Armenia’s abuse of democratic principles is indicative of larger trends in domestic democratization, and in international democracy promotion, argues Nelli Babayan, a Fellow at the Transatlantic Academy and Associate Fellow at the Freie Universität Berlin. For starters, even as democratic rhetoric is on the rise, real democratic behavior is declining, she writes for RealClearWorld:
- Take Russia as the prime example. The initial promise of its speedy democratization is long gone, and Moscow has managed to consolidate its authoritarian regime. Yet even if the notion of democracy is not particularly popular among the public, its presence is easily visible in official rhetoric. Terms such as managed democracy or suverennaya demokratia (sovereign democracy) are meant to show that Russia’s democracy is beyond all reproach. This is not to say that Russia’s regime is inherently democratic, but it underlines that the Russian political elites have also agreed to the global dominance of the democratic script and have been paying it lip service. There are virtually no countries in the world that would refrain from styling themselves as some sort of democracy.
Second, while the debate in the 1990s and early 2000s was dominated by the understandings of democratic contagion or democratic learning, the 2010s are about authoritarian learning. The latter has come to attention specifically after the initial events of the Arab Spring: The experiences of toppled regimes in Tunisia and Egypt taught other authoritarian governments to become savvier in preventing similar outcomes. Moldova is usually considered a frontrunner in democratization among post-Soviet countries. But Chisinau followed Russia’s example and passed anti-gay propaganda legislation, which it later overturned in anticipation of signing an Association Agreement with the European Union. EU member Lithuania has been considering a similar law, while Hungarian Prime Minister Viktor Orban is a known admirer of Russia’s illiberal practices. Less surprisingly, Kyrgyzstan followed Russia‘s example and adopted the so-called foreign agent law.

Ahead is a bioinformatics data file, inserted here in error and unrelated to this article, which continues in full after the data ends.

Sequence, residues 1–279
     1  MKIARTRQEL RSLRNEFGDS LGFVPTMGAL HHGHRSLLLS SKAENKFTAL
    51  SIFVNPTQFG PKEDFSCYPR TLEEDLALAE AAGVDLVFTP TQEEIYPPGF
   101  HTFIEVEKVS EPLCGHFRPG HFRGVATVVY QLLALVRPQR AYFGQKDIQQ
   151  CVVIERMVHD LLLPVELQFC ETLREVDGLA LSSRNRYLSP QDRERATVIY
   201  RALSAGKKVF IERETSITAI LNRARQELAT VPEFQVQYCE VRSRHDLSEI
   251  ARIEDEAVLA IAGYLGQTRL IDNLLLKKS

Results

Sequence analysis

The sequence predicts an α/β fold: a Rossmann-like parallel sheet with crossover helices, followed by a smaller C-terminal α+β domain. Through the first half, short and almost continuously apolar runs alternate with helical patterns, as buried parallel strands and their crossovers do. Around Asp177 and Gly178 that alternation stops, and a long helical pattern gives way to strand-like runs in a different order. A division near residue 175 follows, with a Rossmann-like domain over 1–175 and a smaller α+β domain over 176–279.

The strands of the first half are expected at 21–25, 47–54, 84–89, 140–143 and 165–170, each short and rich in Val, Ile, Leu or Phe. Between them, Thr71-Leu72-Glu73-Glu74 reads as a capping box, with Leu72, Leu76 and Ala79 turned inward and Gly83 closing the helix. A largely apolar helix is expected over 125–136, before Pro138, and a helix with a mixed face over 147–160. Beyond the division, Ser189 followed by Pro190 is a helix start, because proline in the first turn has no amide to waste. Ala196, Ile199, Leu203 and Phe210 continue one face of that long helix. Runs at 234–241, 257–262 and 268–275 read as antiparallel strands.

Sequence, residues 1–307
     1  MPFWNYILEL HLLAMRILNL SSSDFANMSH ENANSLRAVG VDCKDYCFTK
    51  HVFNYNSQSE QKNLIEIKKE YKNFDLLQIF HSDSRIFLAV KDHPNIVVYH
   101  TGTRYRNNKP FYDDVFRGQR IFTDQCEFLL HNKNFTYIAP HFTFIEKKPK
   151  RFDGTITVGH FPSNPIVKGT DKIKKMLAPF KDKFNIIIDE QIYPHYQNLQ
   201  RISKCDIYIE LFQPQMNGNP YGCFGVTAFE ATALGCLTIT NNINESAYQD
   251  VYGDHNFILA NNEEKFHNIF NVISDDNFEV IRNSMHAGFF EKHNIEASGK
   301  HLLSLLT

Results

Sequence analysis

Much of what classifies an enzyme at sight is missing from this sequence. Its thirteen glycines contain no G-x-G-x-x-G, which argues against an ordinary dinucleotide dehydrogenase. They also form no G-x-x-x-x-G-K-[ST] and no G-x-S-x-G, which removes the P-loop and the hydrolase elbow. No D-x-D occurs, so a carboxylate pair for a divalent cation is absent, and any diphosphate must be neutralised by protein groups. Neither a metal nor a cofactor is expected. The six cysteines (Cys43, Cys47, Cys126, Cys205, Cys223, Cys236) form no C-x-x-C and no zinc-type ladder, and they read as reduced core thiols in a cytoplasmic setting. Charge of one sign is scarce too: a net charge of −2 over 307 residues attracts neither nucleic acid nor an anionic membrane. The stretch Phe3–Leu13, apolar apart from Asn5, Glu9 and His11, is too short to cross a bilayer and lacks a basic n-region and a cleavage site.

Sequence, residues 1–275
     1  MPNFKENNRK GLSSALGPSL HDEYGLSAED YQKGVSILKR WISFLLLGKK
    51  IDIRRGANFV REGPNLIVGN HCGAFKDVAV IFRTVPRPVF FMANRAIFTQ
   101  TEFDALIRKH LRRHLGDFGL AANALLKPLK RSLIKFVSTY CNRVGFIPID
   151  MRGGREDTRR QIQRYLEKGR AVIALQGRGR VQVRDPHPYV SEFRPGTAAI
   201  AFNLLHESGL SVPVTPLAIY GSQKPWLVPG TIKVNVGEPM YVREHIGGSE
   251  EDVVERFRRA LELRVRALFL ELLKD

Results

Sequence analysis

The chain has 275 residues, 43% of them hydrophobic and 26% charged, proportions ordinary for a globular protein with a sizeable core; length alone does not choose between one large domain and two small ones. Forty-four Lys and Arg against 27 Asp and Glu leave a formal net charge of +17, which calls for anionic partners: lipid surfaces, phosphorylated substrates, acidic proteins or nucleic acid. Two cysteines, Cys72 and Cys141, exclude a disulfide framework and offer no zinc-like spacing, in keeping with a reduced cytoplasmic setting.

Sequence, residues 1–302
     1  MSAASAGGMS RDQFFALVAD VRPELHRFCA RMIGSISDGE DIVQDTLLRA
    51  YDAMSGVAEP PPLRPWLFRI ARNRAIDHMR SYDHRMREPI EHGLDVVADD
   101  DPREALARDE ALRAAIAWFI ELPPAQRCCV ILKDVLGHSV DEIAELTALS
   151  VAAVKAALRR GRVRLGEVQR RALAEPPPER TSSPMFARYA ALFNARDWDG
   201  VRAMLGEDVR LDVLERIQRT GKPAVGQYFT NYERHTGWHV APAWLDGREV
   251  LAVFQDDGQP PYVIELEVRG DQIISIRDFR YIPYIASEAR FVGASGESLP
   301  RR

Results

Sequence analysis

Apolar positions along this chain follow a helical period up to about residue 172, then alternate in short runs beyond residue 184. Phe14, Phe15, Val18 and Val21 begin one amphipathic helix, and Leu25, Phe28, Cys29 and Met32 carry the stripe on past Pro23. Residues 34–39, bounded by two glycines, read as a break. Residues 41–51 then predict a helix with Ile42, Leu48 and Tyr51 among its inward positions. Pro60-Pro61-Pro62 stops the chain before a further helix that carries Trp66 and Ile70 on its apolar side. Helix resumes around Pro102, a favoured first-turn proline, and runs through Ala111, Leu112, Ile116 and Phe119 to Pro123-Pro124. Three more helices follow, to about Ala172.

Third, democracy promoters prefer stability even if it often comes at the expense of democracy. This results in an absence of pressure on countries that fail to implement democratic reforms but remain strategically important. Differentiated treatment of Belarus and Azerbaijan by both the European Union and the United States is one of the most vivid examples of the unevenly applied pressure. This much-criticized preference further adds to the resilience to change of authoritarian regimes, and to their growing ability to adapt to the demands and interests of democracy promoters without tangible change.
Nelli Babayan is a Fellow at the Transatlantic Academy (based at the German Marshall Fund US) and Associate Fellow at the Freie Universität Berlin. She is the author of “Democratic Transformation and Obstruction: EU, US, Russia in the South Caucasus.”